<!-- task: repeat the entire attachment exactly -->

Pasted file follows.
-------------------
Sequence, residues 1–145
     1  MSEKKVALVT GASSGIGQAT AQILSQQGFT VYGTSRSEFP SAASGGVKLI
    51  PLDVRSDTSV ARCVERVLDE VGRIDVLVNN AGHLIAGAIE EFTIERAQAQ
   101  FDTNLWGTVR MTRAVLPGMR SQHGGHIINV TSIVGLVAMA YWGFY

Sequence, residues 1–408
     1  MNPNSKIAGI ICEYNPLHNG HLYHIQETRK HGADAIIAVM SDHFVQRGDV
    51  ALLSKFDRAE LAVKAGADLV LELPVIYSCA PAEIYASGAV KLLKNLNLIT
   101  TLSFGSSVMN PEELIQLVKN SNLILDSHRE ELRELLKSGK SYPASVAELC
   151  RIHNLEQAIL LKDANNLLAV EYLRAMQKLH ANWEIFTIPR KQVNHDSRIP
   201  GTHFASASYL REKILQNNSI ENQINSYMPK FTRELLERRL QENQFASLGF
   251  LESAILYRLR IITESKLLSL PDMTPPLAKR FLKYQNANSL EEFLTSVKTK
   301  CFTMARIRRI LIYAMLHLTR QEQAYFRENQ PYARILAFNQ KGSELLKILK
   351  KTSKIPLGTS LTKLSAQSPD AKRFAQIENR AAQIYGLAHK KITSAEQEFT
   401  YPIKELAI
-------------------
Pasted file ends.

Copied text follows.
Sequence, residues 1–145
     1  MSEKKVALVT GASSGIGQAT AQILSQQGFT VYGTSRSEFP SAASGGVKLI
    51  PLDVRSDTSV ARCVERVLDE VGRIDVLVNN AGHLIAGAIE EFTIERAQAQ
   101  FDTNLWGTVR MTRAVLPGMR SQHGGHIINV TSIVGLVAMA YWGFY

Sequence, residues 1–408
     1  MNPNSKIAGI ICEYNPLHNG HLYHIQETRK HGADAIIAVM SDHFVQRGDV
    51  ALLSKFDRAE LAVKAGADLV LELPVIYSCA PAEIYASGAV KLLKNLNLIT
   101  TLSFGSSVMN PEELIQLVKN SNLILDSHRE ELRELLKSGK SYPASVAELC
   151  RIHNLEQAIL LKDANNLLAV EYLRAMQKLH ANWEIFTIPR KQVNHDSRIP
   201  GTHFASASYL REKILQNNSI ENQINSYMPK FTRELLERRL QENQFASLGF
   251  LESAILYRLR IITESKLLSL PDMTPPLAKR FLKYQNANSL EEFLTSVKTK
   301  CFTMARIRRI LIYAMLHLTR QEQAYFRENQ PYARILAFNQ KGSELLKILK
   351  KTSKIPLGTS LTKLSAQSPD AKRFAQIENR AAQIYGLAHK KITSAEQEFT
   401  YPIKELAI